What Cassie Sainsbury's family should have done instead of speaking to the media.

There are so many stories about Cassie Sainsbury, and her family has done nothing but flame them.

She was going to London. She was getting married. Her boyfriend was involved. He wasn’t involved. She was a sex worker in Sydney last year. She was an unaware drug mule. She was threatened and forced to carry the 5.8 kilograms of cocaine that have landed her in a prison in Colombia facing charges of drug trafficking.

How do we hear all these stories? Because Cassie’s family has spoken to media – last night was a smorgasbord of speculation about Cassie.

Her mother and her sister spoke to Channel Nine. Her fiancé, father and uncle spoke to Channel Seven. There were claims she was “100 per cent innocent” and also claims that she was “fully aware of what she was doing”.

There are also reports Cassie pleaded with her family and the news stations not to run these stories – that she didn’t give her permission for the packages to be broadcast to air.

Cassie Sainsbury. Image via Social

Now, an expert has spoken about what Cassie's family should have done to help the 22-year-old stuck in a Bogota prison.

"Normally in Australia you say to your client, 'Say nothing. And don't be talking to the media because you don't want to run the risk of this sort of problem happening'," Greg Barnes, a representative of the Australian Lawyers Alliance, told The Project.

He said the most important thing is what Cassie has said to Colombian authorities, not what her family is saying back in Australia.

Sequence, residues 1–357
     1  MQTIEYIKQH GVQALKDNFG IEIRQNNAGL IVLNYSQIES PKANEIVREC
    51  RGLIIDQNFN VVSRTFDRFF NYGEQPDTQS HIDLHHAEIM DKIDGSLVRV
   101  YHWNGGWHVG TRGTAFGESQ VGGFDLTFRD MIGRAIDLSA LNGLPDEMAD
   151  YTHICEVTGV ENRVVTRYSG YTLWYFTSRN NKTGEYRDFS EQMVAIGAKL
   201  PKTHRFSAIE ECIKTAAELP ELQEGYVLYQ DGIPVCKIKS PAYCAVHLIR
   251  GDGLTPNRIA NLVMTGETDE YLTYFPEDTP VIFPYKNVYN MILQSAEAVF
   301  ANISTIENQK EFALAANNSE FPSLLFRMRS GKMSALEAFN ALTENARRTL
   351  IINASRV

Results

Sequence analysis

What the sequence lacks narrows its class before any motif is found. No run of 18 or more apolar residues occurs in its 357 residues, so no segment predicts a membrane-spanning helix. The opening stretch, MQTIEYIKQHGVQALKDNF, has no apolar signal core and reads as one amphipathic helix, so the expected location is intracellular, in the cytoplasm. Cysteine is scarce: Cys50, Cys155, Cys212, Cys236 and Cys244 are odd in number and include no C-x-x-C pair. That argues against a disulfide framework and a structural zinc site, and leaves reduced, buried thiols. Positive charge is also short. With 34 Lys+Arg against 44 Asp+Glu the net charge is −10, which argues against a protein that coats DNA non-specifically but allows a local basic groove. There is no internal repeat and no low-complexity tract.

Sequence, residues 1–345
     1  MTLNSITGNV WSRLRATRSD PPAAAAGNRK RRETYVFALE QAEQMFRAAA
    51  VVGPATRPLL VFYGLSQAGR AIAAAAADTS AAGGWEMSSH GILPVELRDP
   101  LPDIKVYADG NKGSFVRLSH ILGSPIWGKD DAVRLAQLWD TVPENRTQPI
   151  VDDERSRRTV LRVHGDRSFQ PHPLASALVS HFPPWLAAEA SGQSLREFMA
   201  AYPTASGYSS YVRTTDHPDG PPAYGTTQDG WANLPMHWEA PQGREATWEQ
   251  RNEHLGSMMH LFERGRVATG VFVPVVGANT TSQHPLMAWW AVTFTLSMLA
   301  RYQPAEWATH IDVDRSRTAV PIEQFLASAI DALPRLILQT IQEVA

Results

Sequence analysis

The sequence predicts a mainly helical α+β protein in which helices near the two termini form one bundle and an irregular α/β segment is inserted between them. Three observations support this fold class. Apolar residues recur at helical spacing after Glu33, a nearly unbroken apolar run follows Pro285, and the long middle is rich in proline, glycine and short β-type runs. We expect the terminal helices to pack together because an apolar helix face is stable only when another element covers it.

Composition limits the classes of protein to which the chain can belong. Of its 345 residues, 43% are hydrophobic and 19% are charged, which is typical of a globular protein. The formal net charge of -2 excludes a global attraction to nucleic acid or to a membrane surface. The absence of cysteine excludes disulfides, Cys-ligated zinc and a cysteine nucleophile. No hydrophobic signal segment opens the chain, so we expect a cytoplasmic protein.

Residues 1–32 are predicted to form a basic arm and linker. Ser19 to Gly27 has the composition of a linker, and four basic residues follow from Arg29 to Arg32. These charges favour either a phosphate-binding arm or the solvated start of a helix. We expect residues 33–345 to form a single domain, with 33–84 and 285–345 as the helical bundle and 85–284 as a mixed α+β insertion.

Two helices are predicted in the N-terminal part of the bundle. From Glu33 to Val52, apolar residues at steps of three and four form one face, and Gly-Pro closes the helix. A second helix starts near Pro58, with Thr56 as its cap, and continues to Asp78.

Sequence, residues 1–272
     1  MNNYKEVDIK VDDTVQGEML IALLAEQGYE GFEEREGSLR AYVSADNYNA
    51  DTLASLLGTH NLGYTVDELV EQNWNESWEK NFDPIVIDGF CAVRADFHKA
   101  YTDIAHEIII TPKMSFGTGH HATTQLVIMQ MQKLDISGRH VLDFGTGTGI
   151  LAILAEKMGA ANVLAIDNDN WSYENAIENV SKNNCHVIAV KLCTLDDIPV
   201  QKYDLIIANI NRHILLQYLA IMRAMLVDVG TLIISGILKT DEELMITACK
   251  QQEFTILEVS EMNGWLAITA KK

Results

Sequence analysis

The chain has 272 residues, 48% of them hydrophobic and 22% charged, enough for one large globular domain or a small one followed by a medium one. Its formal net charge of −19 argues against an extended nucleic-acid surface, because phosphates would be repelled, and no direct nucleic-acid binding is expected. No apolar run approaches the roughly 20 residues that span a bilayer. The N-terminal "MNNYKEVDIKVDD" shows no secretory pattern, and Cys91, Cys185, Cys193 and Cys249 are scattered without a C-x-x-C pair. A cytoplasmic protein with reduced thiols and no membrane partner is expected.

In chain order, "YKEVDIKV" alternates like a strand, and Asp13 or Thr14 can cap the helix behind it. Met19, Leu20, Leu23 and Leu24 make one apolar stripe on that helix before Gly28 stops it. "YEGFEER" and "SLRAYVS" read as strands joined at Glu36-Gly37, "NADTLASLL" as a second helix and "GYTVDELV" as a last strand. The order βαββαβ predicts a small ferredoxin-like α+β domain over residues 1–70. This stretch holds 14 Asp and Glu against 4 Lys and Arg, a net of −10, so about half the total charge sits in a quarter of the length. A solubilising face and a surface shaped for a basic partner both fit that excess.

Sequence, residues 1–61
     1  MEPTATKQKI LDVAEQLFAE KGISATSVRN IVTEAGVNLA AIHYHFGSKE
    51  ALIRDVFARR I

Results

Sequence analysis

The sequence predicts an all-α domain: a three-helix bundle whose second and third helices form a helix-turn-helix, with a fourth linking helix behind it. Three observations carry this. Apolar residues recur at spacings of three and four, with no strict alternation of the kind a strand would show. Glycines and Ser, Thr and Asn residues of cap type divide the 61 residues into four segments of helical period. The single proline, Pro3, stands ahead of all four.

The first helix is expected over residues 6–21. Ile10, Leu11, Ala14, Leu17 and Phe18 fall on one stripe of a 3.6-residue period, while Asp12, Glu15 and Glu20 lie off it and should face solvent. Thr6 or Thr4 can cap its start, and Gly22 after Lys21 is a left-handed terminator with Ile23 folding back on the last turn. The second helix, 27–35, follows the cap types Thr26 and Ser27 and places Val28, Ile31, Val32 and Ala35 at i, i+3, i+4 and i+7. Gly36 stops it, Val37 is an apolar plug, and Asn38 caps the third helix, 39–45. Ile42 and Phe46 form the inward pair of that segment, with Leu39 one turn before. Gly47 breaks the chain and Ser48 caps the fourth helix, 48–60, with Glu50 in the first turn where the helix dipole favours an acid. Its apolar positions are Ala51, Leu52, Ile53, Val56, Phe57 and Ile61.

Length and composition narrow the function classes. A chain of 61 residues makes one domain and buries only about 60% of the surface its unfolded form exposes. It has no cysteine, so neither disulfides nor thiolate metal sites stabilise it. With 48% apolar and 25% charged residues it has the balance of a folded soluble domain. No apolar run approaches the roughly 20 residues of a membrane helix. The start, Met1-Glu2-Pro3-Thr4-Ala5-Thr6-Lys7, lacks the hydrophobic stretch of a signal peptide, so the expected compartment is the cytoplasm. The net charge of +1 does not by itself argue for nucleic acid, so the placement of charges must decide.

"Cassie made a statement to Colombian authorities and I think the Australian Federal Police had some involvement in that," Barnes said. "It's a matter for the courts to assess what they make of any other statements she may have made herself, or family members may have made to the media. But what is important is her word."

"Really, public opinion should have nothing to do with it. We have a media circus now and we don't have in Australia the sort of privacy protections you have in the UK and Canada where the sorts of publications you saw last night on television probably couldn't have gone to air in those jurisdictions."

Why are we so obsessed with Cassie Sainsbury's story?

Barnes said if reports are true that Cassie has changed her story - that she's pleading guilty and claiming she was acting under duress - this might work to reduce her sentence.

"Normally speaking if a person has been acting under duress then that's a relevant factor and in international drug syndicates it's not uncommon for those who are seen as drug mules to be acting in that way," Barnes said.

Initially, Cassie pleaded not guilty to the charge of drug trafficking, claiming she thought the packages in her luggage contained headphones.

If found guilty on this charge, she faces up to 25 years in prison.